01 October 2011 – a 5 albatross day
With some nasty weather having passed through the area earlier in the week, it was a bit of a relief to have a window in the weather to get out on another Zest for Birds pelagic trip today (Trevor co-guiding with Barrie Rose and Alvin Cope) especially since the weather predictions indicated gale force winds again from tomorrow onwards. There was still a bit of wind, but nothing too much to really worry us. Unfortunately, we were also faced with totally overcast conditions for most of the day which didn’t help with the photography, but as always, it was just great to get out there! The trip from Simon’s Town through False Bay to Cape Point was rather uneventful apart from a single Humpback Whale and the odd Cape Gannets and White-chinned Petrels. Once around Cape Point, the numbers of birds were still pretty low, but as we headed further out, we slowly began to add more species to the list – Southern Giant Petrel, Sooty Shearwater and Shy Albatross.
We located a shark longliner at about 16 nautical miles offshore and were quickly in amongst large groups of birds. Black-browed Albatrosses, Northern Giant and Pintado Petrels, Subantarctic Skua and a sprinkling of Common Terns were the most obvious while there were also good numbers of Cape Fur Seals around. The biggest highlight was a single Flesh-footed Shearwater, a rather uncommon species in our waters. It was only the second time we had encountered this species during the challenge and the first time we had had the opportunity to photograph it for the challenge (although the photos were good and solidly cocked up and only just pass as a record shot!). We spent quite a bit of time wallowing around in the wake of this boat, but apart from the species already mentioned, we did not add too much else.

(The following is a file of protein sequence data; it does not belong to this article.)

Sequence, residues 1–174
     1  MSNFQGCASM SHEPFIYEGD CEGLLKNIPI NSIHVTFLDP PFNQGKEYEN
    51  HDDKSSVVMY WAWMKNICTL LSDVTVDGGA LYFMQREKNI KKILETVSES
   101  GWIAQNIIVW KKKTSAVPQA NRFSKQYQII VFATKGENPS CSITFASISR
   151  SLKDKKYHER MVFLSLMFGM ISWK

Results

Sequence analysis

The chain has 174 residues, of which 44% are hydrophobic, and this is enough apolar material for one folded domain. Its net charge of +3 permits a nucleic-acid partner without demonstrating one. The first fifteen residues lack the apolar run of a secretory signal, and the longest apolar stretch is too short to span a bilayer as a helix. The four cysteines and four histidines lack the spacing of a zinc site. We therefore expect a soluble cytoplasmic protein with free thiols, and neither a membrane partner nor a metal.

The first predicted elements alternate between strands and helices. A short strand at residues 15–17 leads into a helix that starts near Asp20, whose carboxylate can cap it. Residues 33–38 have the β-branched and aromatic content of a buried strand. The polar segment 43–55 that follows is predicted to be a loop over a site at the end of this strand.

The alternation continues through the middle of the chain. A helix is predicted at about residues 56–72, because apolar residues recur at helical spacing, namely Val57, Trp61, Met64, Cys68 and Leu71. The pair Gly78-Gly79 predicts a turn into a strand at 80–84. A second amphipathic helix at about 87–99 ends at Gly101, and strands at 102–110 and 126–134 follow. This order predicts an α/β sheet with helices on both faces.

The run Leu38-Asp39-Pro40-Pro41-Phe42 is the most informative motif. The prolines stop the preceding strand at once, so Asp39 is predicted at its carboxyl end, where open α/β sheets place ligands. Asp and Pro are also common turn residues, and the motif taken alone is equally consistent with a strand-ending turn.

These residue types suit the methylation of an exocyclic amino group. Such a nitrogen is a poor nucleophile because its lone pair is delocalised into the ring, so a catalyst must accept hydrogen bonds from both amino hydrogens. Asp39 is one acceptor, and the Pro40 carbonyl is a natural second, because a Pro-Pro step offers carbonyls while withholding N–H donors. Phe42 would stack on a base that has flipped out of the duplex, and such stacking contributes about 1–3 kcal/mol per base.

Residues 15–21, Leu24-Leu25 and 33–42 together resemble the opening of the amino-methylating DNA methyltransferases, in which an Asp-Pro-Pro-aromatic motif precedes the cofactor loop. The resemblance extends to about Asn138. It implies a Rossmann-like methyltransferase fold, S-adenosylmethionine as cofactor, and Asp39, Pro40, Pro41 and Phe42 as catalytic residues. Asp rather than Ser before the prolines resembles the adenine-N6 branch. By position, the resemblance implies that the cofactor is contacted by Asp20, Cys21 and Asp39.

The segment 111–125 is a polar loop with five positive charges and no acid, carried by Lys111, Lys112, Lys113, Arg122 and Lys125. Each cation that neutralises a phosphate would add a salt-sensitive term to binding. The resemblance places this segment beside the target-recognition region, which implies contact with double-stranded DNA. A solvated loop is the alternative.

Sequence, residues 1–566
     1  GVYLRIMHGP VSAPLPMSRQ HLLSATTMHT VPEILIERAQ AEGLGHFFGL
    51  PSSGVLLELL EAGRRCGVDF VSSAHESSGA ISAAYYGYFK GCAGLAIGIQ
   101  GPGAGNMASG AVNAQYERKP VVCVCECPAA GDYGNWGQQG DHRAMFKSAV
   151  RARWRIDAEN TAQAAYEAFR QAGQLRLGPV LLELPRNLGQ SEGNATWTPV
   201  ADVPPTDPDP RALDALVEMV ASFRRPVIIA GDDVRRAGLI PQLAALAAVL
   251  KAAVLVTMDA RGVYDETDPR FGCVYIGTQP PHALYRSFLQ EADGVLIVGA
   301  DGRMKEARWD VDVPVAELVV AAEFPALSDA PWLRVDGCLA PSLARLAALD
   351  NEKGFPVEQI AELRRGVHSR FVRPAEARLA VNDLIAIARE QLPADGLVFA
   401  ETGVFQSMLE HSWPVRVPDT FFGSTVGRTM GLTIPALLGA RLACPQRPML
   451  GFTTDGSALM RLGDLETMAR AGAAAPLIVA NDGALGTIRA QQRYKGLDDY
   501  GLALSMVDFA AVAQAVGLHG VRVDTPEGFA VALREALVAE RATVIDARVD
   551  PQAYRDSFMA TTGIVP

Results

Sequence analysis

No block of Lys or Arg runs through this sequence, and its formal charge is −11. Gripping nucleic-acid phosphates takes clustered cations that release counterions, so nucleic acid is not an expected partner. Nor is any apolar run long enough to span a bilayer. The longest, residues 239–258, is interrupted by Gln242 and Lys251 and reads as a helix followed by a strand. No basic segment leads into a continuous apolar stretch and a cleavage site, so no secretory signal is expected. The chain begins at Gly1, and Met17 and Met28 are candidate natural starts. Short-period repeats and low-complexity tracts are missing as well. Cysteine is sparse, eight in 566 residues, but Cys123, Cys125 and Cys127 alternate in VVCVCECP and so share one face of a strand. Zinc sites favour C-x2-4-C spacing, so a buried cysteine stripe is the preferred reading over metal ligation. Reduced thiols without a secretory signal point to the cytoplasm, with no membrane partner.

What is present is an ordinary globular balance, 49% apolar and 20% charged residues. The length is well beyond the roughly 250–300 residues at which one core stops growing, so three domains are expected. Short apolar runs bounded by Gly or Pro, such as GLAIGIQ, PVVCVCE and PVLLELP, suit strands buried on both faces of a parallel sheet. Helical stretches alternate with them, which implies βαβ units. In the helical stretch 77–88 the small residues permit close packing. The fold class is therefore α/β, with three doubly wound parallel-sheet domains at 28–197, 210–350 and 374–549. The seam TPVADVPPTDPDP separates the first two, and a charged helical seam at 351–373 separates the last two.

Our skipper, Harry Dilley, then picked up another vessel on the radar about 5 nautical miles from us and we headed off towards her. It was another longliner and not long after arriving at the vessel, we were once again enjoying the numbers of birds in her wake. Careful scanning through the flock picked out our first Indian Yellow-nosed Albatross of the day as well as a single Great Shearwater and small numbers of Wilson’s Storm Petrels. Whilst working through the birds, Barrie also picked up our first Black-bellied Storm Petrel of the season – what a cracking bird! This is a highly sought after species for most local listers – it is a passage migrant through our waters and is only available for short periods of roughly a fortnight each in May and October. So, we really hope that we will connect with the numbers of them on our trips in the next couple of weeks.
A third longliner was spotted on the horizon and we decided to move over to it to see if it held anything different. Initially, it didn’t have huge numbers of birds around it, but this soon changed. Another Great Shearwater and another Black-bellied Storm Petrel were added to the list as well as our first Atlantic Yellow-nosed Albatross of the day. We puttered around in her wake for a while and were about to call it a day and start heading for home when a enormous brownish bird suddenly came into view. “WANDERER!” was bellowed out and, before long, all the passengers were onto the ultimate doyen of the open ocean, Wandering Albatross. This juvenile bird performed well showing off its incredible 3,5m wingspan, the largest wingspan of any bird in the world. It wasn’t long before a second individual, a slightly older bird, was picked up as well, but it wasn’t as friendly as the first bird, choosing to fly off and away from our boat. Our fifth species of albatross for the day and what a awesome bird at that! The trip home was quiet not adding any additional species apart from some of the coastal cormorants in False Bay, but everybody was more than satisfied with their day at sea and a wonderful bag of birds.